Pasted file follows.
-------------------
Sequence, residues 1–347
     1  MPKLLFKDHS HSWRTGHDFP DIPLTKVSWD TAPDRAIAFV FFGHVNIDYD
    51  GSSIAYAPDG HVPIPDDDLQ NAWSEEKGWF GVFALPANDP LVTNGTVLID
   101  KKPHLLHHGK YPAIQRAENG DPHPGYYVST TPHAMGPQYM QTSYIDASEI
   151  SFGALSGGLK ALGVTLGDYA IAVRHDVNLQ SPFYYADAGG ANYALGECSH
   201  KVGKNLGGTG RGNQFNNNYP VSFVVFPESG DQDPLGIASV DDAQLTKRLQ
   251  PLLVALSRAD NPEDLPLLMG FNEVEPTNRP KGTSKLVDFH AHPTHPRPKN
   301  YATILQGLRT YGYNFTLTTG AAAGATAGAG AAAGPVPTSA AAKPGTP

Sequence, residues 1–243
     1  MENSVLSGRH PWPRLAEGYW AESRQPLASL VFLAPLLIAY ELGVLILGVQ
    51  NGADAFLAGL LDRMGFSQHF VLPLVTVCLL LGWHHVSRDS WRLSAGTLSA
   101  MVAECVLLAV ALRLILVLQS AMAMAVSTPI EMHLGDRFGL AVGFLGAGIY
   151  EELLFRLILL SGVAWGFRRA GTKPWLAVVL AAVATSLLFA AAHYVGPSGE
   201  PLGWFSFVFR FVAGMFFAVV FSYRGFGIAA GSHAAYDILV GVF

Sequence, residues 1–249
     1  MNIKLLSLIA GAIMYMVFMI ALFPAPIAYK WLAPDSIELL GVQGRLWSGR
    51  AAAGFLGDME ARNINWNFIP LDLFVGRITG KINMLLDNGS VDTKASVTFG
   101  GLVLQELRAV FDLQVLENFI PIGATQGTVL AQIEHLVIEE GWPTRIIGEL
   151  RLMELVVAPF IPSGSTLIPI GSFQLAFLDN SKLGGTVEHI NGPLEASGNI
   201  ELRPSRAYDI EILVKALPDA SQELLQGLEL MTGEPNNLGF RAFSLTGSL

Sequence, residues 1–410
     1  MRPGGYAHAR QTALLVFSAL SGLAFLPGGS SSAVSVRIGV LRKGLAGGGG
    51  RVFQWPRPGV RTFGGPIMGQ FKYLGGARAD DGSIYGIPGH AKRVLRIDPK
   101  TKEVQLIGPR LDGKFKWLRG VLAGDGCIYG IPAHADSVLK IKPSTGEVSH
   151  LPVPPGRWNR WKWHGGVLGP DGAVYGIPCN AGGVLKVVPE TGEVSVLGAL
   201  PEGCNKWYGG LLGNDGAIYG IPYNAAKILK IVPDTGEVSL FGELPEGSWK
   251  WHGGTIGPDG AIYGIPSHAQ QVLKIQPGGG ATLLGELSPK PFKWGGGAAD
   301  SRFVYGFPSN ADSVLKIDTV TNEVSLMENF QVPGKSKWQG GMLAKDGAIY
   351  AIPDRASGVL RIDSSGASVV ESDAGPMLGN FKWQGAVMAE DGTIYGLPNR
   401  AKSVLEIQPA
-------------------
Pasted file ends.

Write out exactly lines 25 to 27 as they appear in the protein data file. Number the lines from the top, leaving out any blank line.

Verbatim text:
   151  LPVPPGRWNR WKWHGGVLGP DGAVYGIPCN AGGVLKVVPE TGEVSVLGAL
   201  PEGCNKWYGG LLGNDGAIYG IPYNAAKILK IVPDTGEVSL FGELPEGSWK
   251  WHGGTIGPDG AIYGIPSHAQ QVLKIQPGGG ATLLGELSPK PFKWGGGAAD